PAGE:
The other piece to remember about Ross is that he’s not out traveling on the road for months at a time, sleeping in people’s living rooms, because he’s sacrificing. He loves the work. He wanted to make an impact. He thought it was the most important thing he could possibly be doing. That really makes up for a lot of other depressing aspects of life.
You make clear in the book that his family paid a pretty steep price. As someone who has spent some time as an organizer, what did you take away from what you saw about Fred Ross’ single-minded dedication to his work?
Well, there’s no doubt that family came second. What was interesting to hear from Ross himself in [his] tapes and when he’s writing is he’s completely not trying to hide that fact. He sees it as a key requirement to be an organizer. It was a different era. When I look at the organizing landscape today, I think it’s changed. People have personal lives, they want to enjoy other things. You still have people who are organizing fanatics, but that’s not what’s expected from everyone. I think he was upfront that he didn’t pay a price – his family paid a price.
What can young organizers who want to change the world learn from Fred Ross, both in terms of his achievements and the style in which he operated – and the cost that he sometimes brought to those around him?
There’s tons of incredibly talented organizers who also have well-rounded lives. His son, Fred Ross Jr., is an example of someone who is incredibly dedicated to labor organizing, community organizing and who also is very involved in his family. What Ross reminds us now is, first of all, the importance of being curious and of listening. When I heard about how he had swept both Cesar and Dolores into a life of organizing, I imagined this guy who is incredibly charismatic. What he really was, he really focused on people, he listened and he was curious. The other thing is that he made people work. It wasn’t like, “I’m this organizer and I’m going to come in and I’m going to make everything really easy for all of you and find solutions for you.” It was like, “No, if this is what you guys have decided you want to do, I’m there with you.”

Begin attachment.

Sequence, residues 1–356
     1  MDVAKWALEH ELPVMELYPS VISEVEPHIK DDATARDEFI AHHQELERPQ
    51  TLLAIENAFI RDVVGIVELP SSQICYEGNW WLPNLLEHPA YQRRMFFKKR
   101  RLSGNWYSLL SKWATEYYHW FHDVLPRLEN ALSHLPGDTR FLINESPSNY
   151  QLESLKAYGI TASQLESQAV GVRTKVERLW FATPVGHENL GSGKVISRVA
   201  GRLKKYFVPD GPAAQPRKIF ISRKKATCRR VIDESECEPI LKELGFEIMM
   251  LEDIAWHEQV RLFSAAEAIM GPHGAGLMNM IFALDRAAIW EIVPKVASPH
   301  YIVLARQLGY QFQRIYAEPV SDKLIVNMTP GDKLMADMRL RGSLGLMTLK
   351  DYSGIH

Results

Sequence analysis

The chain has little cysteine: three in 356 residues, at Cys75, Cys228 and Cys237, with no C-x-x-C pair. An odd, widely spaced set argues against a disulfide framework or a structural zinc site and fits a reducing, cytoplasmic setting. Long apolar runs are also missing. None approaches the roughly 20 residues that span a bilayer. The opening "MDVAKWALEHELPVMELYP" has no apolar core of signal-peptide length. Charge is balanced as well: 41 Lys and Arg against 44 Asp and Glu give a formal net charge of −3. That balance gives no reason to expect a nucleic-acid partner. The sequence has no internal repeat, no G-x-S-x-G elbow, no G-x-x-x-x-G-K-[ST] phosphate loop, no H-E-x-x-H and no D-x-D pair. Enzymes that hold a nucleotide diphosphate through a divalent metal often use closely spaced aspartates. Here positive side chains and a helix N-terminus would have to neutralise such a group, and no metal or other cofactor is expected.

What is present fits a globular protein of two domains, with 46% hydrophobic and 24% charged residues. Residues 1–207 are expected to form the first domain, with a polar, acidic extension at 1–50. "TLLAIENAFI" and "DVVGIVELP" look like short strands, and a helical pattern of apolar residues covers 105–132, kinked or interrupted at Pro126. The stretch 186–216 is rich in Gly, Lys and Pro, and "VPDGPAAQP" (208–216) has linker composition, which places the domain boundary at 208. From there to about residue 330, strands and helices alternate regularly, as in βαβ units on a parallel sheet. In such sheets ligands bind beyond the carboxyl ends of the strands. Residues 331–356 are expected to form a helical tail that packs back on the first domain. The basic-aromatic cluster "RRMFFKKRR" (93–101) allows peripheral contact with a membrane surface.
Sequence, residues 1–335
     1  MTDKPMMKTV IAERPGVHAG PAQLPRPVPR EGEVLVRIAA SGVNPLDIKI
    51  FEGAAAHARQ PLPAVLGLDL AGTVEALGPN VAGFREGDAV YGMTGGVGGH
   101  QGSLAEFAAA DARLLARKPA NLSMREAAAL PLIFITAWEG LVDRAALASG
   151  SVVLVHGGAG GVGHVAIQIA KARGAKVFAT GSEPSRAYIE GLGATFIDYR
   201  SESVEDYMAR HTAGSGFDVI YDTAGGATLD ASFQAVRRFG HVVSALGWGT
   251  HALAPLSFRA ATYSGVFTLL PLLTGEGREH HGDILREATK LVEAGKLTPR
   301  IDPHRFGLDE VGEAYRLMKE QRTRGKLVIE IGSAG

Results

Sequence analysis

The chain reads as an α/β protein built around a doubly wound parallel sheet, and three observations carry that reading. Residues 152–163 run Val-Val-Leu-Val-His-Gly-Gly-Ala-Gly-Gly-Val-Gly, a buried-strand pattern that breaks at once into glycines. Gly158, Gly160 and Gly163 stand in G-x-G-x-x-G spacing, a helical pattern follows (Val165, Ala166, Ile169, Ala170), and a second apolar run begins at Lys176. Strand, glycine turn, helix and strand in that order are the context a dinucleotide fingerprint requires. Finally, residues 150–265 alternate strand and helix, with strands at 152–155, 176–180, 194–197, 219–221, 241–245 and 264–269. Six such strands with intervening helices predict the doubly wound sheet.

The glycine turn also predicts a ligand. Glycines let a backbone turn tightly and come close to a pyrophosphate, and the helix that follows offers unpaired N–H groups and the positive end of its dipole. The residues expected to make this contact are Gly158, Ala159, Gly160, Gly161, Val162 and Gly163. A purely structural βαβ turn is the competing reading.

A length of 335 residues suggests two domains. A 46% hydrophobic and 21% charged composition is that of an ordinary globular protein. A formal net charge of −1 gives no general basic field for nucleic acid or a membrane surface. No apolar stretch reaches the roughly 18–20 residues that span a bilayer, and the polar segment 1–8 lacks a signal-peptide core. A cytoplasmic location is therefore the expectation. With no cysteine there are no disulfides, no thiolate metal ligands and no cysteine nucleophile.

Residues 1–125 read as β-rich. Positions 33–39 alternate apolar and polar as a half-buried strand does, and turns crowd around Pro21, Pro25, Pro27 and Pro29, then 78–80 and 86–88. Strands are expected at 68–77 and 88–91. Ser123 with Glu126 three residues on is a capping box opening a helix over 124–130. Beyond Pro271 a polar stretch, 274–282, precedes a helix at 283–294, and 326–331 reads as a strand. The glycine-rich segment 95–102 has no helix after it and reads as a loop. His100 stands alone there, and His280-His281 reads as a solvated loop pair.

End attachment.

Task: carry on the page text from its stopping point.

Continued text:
Part of an organizer’s role is to give people the ability to take on more themselves – just making sure that you’re not in it alone.
What do you think Ross would make of the rise of populism on the left and the right? Would he see it as an opportunity for organizing?
I don’t think there is any time when Ross didn’t see anything as an opportunity for organizing. I think he would have been excited. Ross was very passionate about the power of voting. He wasn’t a believer really in politicians. The vote was an extension of people’s formal ability to hold others accountable. He really made history in East L.A. in his campaigns to register Latinos to vote.
I think he would have been pretty excited by the idea that lots of people are giving small amounts of money. He was never able to break through on the funding question. His organizations, including the CSO, struggled with money. The goal was to have it self-funded by working-class Mexican Americans themselves. They never quite got there. UFW did a better job with that.
Where do you see Ross’s legacy today?
You can see it most in the people that are doing work now, who have been trained or touched or mentored or influenced in some way by Ross or by the people that he trained. In the ‘70s and ‘80s, he trains maybe 3,000 people that are going through the United Farm Workers, at a time when there’s not a lot of in-depth organizing training going on in this country. The legacy, obviously, of the CSO sort of being the incubator for the United Farm Workers and its ideas about what unions can be, has spread out.